The Anthropology Collection is subdivided into Ethnology (historic Native American) and Archaeology (prehistoric Native American) holdings. The distinction between the two is an historical artifact that reflects the way scholars thought about such collections, i.e. recorded history (when the Europeans arrived) vs unwritten history (pre-European contact). From a tribal perspective the Anthropology Collection represents an unbroken continuum through time. In general, Ethnology holdings passed through human hands until they were donated, commissioned, or purchased by MNA. Archaeological holdings have been excavated or surface collected from sites by professional and amateur archaeologists.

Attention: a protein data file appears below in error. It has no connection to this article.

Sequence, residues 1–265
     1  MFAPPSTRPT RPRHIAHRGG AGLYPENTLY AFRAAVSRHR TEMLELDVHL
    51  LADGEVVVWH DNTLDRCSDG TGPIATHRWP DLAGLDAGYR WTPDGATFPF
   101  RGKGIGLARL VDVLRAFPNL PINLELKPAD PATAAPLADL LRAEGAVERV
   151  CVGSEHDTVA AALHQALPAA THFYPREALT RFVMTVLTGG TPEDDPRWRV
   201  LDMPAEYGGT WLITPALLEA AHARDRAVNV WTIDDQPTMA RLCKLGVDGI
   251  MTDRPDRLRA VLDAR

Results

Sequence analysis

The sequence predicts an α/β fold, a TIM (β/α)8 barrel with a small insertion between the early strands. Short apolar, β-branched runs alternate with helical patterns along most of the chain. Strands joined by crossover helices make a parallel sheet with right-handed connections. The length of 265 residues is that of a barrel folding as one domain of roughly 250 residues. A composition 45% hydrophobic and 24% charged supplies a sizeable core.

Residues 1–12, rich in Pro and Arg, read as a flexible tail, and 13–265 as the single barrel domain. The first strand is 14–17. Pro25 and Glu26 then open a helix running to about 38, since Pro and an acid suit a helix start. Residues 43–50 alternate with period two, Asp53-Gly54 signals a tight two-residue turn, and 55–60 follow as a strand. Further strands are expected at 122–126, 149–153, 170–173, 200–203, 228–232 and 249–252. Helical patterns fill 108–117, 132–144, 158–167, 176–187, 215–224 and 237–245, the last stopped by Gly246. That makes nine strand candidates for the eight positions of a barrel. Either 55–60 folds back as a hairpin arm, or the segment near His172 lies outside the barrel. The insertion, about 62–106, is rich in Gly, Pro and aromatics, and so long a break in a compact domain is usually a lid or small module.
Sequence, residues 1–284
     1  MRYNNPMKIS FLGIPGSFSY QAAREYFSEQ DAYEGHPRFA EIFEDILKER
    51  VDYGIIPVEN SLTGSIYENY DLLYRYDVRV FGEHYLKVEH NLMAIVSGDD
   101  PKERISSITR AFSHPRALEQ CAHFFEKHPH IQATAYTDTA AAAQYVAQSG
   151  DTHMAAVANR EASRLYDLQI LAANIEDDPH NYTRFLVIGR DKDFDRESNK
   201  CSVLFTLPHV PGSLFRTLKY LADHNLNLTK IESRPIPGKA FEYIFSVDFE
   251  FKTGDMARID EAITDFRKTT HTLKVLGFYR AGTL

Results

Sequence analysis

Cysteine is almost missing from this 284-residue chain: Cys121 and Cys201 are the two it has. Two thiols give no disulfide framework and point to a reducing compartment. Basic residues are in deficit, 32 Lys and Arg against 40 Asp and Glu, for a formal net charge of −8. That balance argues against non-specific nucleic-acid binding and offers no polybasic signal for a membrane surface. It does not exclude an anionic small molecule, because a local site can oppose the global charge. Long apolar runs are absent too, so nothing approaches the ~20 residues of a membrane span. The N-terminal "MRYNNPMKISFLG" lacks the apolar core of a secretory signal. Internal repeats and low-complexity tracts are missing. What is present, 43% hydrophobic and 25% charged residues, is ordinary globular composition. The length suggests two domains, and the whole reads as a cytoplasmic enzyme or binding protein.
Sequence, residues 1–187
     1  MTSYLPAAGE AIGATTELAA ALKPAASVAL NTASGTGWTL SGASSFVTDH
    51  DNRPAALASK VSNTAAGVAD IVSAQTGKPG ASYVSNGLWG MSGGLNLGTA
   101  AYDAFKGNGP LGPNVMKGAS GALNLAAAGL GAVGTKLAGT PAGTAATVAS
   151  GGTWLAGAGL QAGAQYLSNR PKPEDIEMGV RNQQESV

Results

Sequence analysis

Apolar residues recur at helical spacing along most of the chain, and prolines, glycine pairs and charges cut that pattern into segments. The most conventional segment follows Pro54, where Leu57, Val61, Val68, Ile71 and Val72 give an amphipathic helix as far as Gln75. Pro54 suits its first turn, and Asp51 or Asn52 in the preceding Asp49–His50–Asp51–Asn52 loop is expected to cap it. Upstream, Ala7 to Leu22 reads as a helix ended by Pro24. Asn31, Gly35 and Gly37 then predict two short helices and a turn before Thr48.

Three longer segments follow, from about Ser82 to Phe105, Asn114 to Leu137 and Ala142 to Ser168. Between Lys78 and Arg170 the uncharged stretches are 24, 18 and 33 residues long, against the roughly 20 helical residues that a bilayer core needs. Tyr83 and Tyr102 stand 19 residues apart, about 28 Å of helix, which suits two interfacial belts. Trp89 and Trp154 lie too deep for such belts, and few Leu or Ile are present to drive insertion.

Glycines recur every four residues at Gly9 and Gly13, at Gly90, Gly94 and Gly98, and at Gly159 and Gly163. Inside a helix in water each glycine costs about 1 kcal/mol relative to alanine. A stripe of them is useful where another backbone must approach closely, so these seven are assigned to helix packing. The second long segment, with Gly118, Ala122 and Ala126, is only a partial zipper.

MNA’s ethnology collection (over 15,000 objects) contains significant Hopi and Navajo holdings with smaller holdings from Zuni and the Apache Bands.  The collection also contains representative holdings from other Pueblo groups (Acoma, San Ildefonso, Santa Clara, etc.), and Havasupai and Colorado Plateau Tribes.


MNA’s archaeology collection contains artifacts from all over the Colorado Plateau, and is particularly strong in holdings from northern Arizona.  MNA’s site file system documents more than 30,000 archaeological sites and nearly 100 years of systematic field research. Learn more about the Native American Graves Protection and Repatriation Act (NAGPRA).